2007-07-14 07:31:28 UTC
S&M session gone awry -- or homicide?
Onetime Haight activist, anti-drug crusader found dead
Jaxon Van Derbeken, Chronicle Staff Writer
Friday, July 13, 2007
Joe Konopka. Chroncle photo by Lea Suzuki
Joe Konopka came to prominence in his Upper Haight neighborhood as a
For years, Konopka, 65, presided over monthly Wednesday evening
meetings of a now-defunct neighborhood watch group known as RAD,
formerly Residents Against Druggies, whose members crusaded against
local street-level drug dealers in San Francisco, whom they viewed as
magnets for more serious trouble.
He also ran twice for city supervisor, but Konopka's ardor for
crime-fighting seemed to have dimmed in recent years.
On those Wednesdays that he once spent meeting with activists --
nights his wife, a San Mateo Union High School District administrator,
attended school board meetings -- Konopka had turned to indulging in
sadomasochistic bondage sessions, police said.
And this past Wednesday evening, police were summoned to his home in
the 500 block of Ashbury Street after someone inside called 911 and
fled. Inside, officers found Konopka dead, bound, with his face
covered in plastic.
San Francisco police Lt. John Murphy said Thursday that investigators
are handling the case as a homicide.
Konopka's wife, Ethel, did not want to discuss the circumstances
surrounding her husband's death, saying police had revealed little to her.
She wanted him remembered as a man who "cared about the neighborhood,"
she said. "He was a good man."
Konopka came to the city in 1976 from the East Coast, she said, and
recently had retired from a career in the food business, which
included working as a chef and managing restaurants and banquets, as
well as stints in the hospitality industry.
Konopka twice mounted campaigns for the Board of Supervisors, but he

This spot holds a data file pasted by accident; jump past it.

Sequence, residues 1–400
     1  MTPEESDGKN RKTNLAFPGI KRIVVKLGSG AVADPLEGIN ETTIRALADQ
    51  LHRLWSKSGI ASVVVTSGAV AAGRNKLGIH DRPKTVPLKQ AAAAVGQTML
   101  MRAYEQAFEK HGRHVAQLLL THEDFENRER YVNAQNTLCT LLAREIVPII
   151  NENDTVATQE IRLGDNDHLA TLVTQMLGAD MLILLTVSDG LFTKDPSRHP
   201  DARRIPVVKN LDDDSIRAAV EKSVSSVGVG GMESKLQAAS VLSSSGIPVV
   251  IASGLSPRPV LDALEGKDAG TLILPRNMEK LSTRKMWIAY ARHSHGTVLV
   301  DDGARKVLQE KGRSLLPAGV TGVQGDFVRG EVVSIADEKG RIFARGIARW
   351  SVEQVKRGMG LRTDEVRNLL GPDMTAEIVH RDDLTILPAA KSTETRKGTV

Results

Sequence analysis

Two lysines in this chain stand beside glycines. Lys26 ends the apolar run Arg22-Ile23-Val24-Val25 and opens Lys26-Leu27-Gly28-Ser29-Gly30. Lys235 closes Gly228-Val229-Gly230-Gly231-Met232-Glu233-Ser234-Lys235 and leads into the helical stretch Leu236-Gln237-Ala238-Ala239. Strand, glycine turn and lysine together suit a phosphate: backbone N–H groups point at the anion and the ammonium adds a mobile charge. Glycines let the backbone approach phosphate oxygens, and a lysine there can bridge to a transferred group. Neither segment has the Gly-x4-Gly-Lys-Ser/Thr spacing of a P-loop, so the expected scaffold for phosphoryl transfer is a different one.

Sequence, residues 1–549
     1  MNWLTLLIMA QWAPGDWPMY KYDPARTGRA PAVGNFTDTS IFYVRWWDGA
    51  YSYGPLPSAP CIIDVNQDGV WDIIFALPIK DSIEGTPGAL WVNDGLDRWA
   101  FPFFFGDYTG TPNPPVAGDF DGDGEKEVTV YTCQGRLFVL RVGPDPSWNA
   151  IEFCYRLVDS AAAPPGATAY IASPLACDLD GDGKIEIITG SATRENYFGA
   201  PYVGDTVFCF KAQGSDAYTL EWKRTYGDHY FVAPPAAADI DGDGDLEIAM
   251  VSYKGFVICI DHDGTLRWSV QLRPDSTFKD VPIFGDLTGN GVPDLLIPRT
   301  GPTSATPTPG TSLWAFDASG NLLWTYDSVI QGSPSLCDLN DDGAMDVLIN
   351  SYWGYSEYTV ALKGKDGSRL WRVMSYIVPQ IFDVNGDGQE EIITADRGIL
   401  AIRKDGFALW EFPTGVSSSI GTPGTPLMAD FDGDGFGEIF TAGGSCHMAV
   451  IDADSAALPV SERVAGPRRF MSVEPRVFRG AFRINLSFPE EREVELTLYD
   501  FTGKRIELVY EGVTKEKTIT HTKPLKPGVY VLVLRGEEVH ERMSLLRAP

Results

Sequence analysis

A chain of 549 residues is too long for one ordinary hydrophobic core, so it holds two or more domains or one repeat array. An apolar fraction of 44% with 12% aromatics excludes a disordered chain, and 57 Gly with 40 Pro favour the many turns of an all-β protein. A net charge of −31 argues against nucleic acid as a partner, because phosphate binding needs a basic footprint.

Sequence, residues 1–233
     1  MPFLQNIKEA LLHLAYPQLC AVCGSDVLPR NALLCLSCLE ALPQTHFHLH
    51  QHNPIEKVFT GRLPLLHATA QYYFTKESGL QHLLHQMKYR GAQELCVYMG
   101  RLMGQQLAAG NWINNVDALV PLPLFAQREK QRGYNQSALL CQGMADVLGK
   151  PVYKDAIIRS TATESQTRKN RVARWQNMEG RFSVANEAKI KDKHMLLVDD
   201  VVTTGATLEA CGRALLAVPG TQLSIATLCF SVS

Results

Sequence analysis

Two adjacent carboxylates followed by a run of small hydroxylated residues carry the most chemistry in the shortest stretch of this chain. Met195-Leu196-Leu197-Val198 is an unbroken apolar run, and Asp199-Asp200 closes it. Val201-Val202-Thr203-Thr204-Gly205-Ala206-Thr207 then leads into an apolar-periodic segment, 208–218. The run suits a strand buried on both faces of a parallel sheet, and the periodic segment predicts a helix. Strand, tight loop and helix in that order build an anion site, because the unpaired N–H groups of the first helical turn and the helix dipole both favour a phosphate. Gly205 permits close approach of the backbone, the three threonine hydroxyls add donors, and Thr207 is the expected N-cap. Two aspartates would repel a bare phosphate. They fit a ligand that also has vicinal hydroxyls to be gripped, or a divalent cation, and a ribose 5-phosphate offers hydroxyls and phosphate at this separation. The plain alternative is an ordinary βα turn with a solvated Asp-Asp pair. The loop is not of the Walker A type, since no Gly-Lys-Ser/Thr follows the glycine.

garnered fewer than 700 votes when he last ran in 2000.
Until about that year, Konopka held 7 p.m. RAD meetings every third
Wednesday of the month. He described his group as dedicated to
preventing drug-related violence and crime in the neighborhood, and he
organized street patrols to serve as a "visual deterrent to the buying
and selling of illegal drugs on the street."
Supervisor Ross Mirkarimi, whose District 5 includes Haight-Ashbury,
said he had known Konopka for years and respected his work and
dedication to the community.
"Joe loved the city. He particularly loved the Upper Haight,"
Mirkarimi said. "He was a committed and dedicated member of the
community, and his activism was aimed at the betterment of the
Konopka told The Chronicle in 1993 that he helped start RAD in March
of that year, and that in the first two months he had been beaten up,
called a Nazi and threatened with death.
Still, he said in an interview then, it was "more dangerous to stay in
the house and do nothing" about the problems in the Haight.
"We knew when we started it we were putting our butts on the line,"
said Konopka, who had lived in the Haight since the late 1970s. "But
we're in danger of losing the neighborhood, and we refuse to leave. We
refuse to give up the neighborhood."
RAD's 200 members took turns patrolling upper Haight Street, a
notorious hub of drug dealing. Clad in neon green shirts and hats,
about 15 members walked Haight, between Masonic and Clayton streets,
for two hours a night, hoping to intimidate street dealers and users.
When they spotted a drug transaction taking place, RAD members
immediately called police, refraining from verbal or physical
confrontations with dealers and buyers.
"We don't care if you do drugs," said Konopka, who said he originally
came to the Haight "to do drugs" himself. "We're just saying don't do
it on our streets."
Calvin Welch, a board member of the Haight Ashbury Neighborhood
Council, said he long lived across the street from Konopka.
He said his neighbor's crime-fighting efforts began as the city was
confronting a crack cocaine epidemic.
But, he said, Konopka "virtually disappeared" from public life in
"There is no longer a RAD, and Joe was not active," Welch said, adding
that Konopka's loss in the 2000 campaign for supervisor came as a blow
and caused him to retreat from activism.
"I don't think he ever quite recovered," Welch said.
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